National Agricultural Literacy Curriculum Matrix
Journey 2050 Lesson 3: Water (Grades 9-12)
9 - 12
Students will discuss the limited amount of fresh water on earth, identify how best management practices can reduce water consumption, discuss the need for water conservation and protection related to population growth and agriculture, and compare and contrast methods of irrigation for water conservation.
- Water PowerPoint
- Interest Approach Supplies
- Option 1: Rain jacket, hat, 5-gallon (18L) bucket of water, tablespoon
- Option 2: One-gallon container, clear bowl, ½-cup measuring cup, eyedropper
- Map of local watershed (optional)
- Journey 2050: Water video
- Sustainability Farm Game: Level 3 Water
- Computer or tablet device for each student
Essential Files (maps, charts, pictures, or documents)
conservation tillage: leaving at least 30% of the soils surface covered with crop residues left after harvesting the previous crop; this helps slow water movement, reducing the risk of erosion, and increases soil organic matter, improving the soils ability to hold moisture and grow better crops
crop residue: plant material remaining in a field after harvesting, including leaves, stalks, roots
irrigation: artificial application of water to the land or soil to assist plant growth
riparian area: A space between the land and the waterway ideally filled with native grass, bushes and trees
watershed: the land area that drains into the same body of water (e.g. river, lake or wetland), including areas such as parks, fields, schoolyards and even parking lots; watersheds know no political borders, whether national or international
Did you know? (Ag Facts)
- Over 70% of Earth is covered in water but only a small amount is freshwater.
- Only 5% of all the water on Earth is freshwater
- Only a small drop (3%) of the freshwater on the earth is accessible because the rest is trapped in groundwater, the atmosphere, glaciers and ice caps.10
- Groundwater is the easiest to access, but that still leaves us with over 68% of our water supply that is salt water or un-accessible.
Background Agricultural Connections
Interest Approach – Engagement
Use one of the following demonstrations to help students visualize the amount of freshwater available on earth:
- Prior to class, fill a five-gallon bucket with water.
- Ask for one volunteer. Dress the volunteer in rain gear, including a rain hat, and have the student sit or stand in front of the class.
- Once your volunteer student is in place, bring the bucket of water in front of the class as well. Explain that this bucket represents all the water on the entire earth.
- Ask your class what portion of this water they think is usable. As they offer their ideas, help them understand that to be usable, the water cannot be salt water, it can’t be frozen (glaciers), and it can’t be so deep in the ground that we can’t access it.
- Tell your class that you are going to show them the answer by dumping how much of our earth’s water is freshwater in a usable form on the student’s head. Pick up the bucket of water and pretend to dump…stop…set it down and grab a tablespoon. Proceed to drop three tablespoons of water on the student’s head.1
- Fill a one-gallon container (such as a plastic ice cream bucket) with water. This represents all the water on Earth.
- Pour one half-cup of water out of the one-gallon container and into a clear bowl. The water in the bowl represents all of the freshwater on Earth, which is less than three percent of the total water on Earth. Freshwater is found in lakes, rivers, groundwater, ice and living things. The 15 half-cups that are still in the one-gallon container represent salt water. We cannot use salt water without first removing the salt in a process known as desalination. Though research and technology are improving this process, it is still prohibitively expensive and often impractical.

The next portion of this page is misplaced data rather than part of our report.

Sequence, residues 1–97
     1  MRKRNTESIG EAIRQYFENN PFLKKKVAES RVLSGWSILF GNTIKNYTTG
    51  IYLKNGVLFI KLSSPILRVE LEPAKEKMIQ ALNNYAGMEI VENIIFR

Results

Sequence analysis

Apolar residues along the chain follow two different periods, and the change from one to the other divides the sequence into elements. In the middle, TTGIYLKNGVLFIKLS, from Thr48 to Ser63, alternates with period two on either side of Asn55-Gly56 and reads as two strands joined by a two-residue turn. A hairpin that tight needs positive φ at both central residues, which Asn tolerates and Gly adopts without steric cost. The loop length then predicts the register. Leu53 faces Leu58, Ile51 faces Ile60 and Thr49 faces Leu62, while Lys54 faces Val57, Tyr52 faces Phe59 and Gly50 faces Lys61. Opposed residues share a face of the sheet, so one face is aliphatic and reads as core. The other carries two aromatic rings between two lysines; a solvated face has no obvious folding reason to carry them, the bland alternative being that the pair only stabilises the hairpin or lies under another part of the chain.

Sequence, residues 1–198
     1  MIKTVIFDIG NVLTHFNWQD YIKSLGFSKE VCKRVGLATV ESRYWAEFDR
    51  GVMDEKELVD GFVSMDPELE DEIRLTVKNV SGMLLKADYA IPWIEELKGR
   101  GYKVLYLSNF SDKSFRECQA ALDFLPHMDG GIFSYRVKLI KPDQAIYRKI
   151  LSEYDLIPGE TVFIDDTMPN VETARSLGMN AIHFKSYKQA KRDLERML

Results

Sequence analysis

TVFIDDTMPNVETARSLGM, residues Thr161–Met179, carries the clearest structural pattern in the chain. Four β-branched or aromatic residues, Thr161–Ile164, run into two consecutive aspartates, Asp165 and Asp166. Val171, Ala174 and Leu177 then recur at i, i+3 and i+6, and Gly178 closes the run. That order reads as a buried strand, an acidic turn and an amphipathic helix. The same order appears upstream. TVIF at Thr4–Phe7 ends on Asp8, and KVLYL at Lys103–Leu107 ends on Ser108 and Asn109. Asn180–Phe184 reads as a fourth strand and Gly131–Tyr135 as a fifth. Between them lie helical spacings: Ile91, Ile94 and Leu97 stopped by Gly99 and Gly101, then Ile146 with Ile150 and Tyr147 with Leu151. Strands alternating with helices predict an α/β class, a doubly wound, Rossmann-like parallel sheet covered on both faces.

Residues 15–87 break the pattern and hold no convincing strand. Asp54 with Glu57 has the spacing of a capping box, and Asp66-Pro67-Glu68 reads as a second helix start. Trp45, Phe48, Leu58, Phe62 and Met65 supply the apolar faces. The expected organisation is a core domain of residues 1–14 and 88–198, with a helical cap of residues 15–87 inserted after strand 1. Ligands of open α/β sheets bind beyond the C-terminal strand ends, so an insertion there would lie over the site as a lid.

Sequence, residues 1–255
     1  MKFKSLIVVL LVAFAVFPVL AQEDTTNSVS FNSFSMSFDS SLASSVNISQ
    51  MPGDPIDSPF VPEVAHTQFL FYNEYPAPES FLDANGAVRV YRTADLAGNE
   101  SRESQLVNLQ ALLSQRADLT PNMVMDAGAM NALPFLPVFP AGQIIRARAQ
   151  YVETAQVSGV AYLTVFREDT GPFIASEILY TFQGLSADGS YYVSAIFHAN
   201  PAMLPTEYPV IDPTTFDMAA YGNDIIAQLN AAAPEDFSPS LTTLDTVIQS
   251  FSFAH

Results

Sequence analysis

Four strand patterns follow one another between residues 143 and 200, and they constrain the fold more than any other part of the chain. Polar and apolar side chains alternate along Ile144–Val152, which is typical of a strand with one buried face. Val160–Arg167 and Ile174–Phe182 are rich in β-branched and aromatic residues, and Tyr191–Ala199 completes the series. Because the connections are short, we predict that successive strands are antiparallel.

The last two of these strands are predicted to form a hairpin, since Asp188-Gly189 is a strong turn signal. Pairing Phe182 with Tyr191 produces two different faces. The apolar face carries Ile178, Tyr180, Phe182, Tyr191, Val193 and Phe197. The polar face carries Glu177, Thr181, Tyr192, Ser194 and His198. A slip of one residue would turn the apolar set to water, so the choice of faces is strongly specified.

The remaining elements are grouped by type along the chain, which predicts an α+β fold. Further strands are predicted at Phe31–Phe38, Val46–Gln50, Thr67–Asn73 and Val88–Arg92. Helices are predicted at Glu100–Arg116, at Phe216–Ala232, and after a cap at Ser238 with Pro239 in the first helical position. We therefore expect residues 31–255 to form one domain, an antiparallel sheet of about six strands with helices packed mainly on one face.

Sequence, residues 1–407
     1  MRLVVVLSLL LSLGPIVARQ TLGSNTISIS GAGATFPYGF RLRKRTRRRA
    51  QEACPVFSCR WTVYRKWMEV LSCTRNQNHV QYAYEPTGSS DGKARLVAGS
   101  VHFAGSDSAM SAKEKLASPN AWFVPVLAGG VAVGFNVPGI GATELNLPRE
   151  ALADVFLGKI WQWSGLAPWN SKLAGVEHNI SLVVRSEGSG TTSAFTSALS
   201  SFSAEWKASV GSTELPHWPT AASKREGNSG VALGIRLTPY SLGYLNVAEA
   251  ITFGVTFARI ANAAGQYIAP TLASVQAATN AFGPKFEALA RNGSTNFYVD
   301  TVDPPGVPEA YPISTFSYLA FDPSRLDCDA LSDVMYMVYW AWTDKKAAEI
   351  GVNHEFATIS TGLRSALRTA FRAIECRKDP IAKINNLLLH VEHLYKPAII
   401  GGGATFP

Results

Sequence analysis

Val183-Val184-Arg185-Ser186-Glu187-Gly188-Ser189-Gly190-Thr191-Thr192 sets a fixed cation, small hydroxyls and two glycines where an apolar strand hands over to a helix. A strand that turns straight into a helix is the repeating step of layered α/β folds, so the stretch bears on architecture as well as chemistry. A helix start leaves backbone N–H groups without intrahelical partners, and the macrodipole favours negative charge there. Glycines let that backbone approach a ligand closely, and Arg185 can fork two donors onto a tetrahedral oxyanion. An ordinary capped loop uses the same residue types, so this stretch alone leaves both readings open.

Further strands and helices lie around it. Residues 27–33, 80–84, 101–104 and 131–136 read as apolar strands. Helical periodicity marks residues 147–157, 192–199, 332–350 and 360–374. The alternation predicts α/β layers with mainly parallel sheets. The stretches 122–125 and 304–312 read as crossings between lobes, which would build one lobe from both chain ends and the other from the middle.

- With an eyedropper, place one drop of water from the half-cup onto a small plate. This one drop represents the freshwater that is available for our use. This water is found in rivers and lakes. Explain that the rest of the water in the half-cup is deep groundwater, water bound up as soil moisture, water in living things or water in the atmosphere.
Following the demonstration:
- Share the statistics found in the Did You Know? section of the lesson.
- Help students conclude from the demonstration that water is a limited natural resource. Ask, “How are water and agriculture related?” Use further guiding questions until students recognize that farmers must use a portion of our water supply to grow the crops and raise the livestock that provide our food supply. Ask students, “What practices can farmers use to conserve and protect freshwater?” Inform students that they will be learning about how water use in agriculture can be managed to provide food more sustainably for our growing population.
Preparation: Prior to class, review the Background information, video clip, and PowerPoint slides (including the speaker notes) associated with the lesson. Read the Teacher's Guide: Getting Started document paying particular attention to page 2 where you will find the instructions for downloading the Sustainability Farming Game.
- Open the Water PowerPoint.
- Slide 3: Play the Journey 2050: Water video (5:07). Engage students with the video by asking them to discover three things: 1) How is water used in agriculture? 2) What methods do farmers use to irrigate their crops? 3) What best practices can be implemented to use water more efficiently in agriculture? (Background and discussion prompts are outlined in the steps below and in the PowerPoint notes).
- How is water used in agriculture?